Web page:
In this situation, the government should have the sole goal of 'improving the confidence' among the economic agents.  It may be effectively achieved by relying heavily on fiscal policy measures. That is increasing the benefits to the unemployed (social security measures), infrastructure spending  to boost the aggregate demand. The agrument against infrastructure spending in the prevailing situation is that they take too long to show the impact, but such an arument has no validity as the chances that this slump will be over anytime soon are virtually zero.  Hence, it may be reasonable to get such projects get rolling and slowly injecting the confidence among the economic agents.!! (as i blogged for quite some time ago).

(Constructive comments and suggestions are encouraged!!)

Monday, November 3, 2008

II. Derivatives and Monetary Policy: Implications for the Transmission Mechanism of Monetary Policy

The goal of the monetary policy is to ensure non-inflationary growth in the economy.  The intentions of the monetary policy are mostly transmitted through the financial sector, mainly through influencing the interest rates, exchange rates and availability of bank credit. Though there are wide variances in the financial structures in various countries, these issues assume greater significance in almost all the institutional arrangements.

Through Interest Rates:

With their low transaction costs and flexibility of product designs, derivatives increase the speed of portfolio adjustments and thus lead to the faster transmission of interest rate changes. On the other hand, financial derivatives are also the perfect instruments for the individuals who now can seperate the interest rate risk of an investment from its production risk at least for a while. The influence of monetary policy will sooner or later will get reflected in the real economy because the insurance obtained through derviatives will eventually expire. Moreover, the monetary policy so heavily influences the cost of such insurance. In a way financial derviatives provide inexpensive and efficient transmission of information to the modern and globalized economy.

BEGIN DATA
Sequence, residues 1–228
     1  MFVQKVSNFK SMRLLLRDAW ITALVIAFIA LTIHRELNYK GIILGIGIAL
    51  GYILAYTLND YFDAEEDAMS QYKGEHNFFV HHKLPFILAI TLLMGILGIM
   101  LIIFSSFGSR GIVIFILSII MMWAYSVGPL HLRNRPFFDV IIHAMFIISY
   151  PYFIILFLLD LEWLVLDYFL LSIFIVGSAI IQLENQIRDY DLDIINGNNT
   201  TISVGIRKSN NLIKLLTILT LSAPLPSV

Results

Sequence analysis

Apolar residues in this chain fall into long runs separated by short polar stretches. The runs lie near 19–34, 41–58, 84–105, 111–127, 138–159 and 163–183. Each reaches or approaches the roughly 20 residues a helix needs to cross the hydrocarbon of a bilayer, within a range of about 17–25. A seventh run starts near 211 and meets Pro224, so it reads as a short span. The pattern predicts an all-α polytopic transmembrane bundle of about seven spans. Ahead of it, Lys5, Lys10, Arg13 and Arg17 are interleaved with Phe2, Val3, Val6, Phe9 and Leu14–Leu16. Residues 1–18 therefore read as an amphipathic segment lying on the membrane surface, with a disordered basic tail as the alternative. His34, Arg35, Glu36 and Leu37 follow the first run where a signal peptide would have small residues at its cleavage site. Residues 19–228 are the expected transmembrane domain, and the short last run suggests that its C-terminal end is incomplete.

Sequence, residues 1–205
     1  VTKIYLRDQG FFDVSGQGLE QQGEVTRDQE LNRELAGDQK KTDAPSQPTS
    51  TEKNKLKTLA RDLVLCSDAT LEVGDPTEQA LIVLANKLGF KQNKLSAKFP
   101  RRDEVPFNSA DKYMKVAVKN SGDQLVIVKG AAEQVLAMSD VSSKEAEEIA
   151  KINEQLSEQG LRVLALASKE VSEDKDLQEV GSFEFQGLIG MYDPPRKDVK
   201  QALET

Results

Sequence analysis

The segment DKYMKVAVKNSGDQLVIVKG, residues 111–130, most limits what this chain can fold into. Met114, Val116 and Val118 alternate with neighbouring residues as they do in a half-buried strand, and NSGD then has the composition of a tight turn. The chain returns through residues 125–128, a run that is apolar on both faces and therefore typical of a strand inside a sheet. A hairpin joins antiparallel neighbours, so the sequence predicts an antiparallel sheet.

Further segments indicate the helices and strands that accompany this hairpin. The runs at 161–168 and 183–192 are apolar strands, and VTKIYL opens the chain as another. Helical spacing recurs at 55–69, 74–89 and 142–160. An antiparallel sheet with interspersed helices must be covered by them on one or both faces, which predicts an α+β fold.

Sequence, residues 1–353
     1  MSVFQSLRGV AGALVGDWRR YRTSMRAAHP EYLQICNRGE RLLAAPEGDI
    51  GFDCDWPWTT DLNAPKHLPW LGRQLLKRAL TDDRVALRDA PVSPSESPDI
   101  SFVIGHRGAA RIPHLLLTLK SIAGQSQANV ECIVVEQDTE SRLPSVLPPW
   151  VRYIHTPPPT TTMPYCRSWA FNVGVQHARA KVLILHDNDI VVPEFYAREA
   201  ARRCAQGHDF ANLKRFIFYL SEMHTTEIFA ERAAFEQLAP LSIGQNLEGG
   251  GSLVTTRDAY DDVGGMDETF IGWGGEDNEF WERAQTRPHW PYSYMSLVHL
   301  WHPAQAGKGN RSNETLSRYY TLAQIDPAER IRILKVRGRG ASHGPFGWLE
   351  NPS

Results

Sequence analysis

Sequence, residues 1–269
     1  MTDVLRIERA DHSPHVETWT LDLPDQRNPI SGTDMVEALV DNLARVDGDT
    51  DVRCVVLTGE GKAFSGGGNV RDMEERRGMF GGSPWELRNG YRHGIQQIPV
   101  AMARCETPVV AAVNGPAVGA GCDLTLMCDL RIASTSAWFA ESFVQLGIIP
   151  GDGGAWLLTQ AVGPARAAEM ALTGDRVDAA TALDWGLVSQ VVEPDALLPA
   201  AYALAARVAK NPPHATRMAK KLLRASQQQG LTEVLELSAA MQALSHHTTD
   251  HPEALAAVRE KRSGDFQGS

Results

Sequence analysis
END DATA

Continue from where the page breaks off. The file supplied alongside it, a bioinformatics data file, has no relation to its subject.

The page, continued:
Through Exchange Rates:

In the world with financial derivatives, it is much easier to engage in speculative positions on a particular country's currency without having any relationship to that country. It is not posible in the world without such derivative products. These kind of transactions effectively transmits the impulses of monetary policy to other parts of the region.

Through Bank Credit:

Monetary policy influences the volume and structure of bank credit if it were to control credit costs. The availability of financial derivatives in such an economy would likely to undermine the efforts of monetary policy given their capacity for substitution. This implies greater significance for the 'interest rate channel' than a 'credit chennel'.

(The author is greatly benefited from the writings of Gerd Hausler)

Constructive comments and suggestions are encouraged!!

Saturday, November 1, 2008

I. Derivatives and Monetary Policy: An Introduction

I deeply regret for the delay in posting my discussion on this issue at the promised time. I really put a lot of effort in gathering and analysing the existing information about this topic.  After a deep thought i have decided to post my arguments on this issue through a series of 5 blogs.  At the outset, here i will provide the framework for such a proposed series. I hope you will receive it with the right spirit.


It is generally perceived that the central banks deal with derivatives exclusively in the context of supervision and regulation. There are few central banks (small) that gained the first hand experience with derivatives when trying to manage their exchange reserves more professionally. Ofcourse, this is a commercial action which may be significant in individual cases, but is not of a core cencern of a central bank. Given the exploding size of derivatives markets today, it is crucial to understand the impact of derivatives on monetary policy in particular and on today's financial environment in general.

The possible issues araising from the interaction of derivatives and monetary policy may be classified into four categories:
  1. Impact of derivatives on the various aspects of the transmission mechanism for monetary policy.
  2. Influence of derivatives on the targeting of monetary policy.
  3. Usefullness of derivatives market in designing the monetary policy especially in providing policy makers with the valuable information about the market expectations.
  4. Derivatives as an operational tool for the monetary policy purposes.
The discussion over these issues will be presented through the following series of five blog posts.

Constructive comments and arguments will receive due recognition!!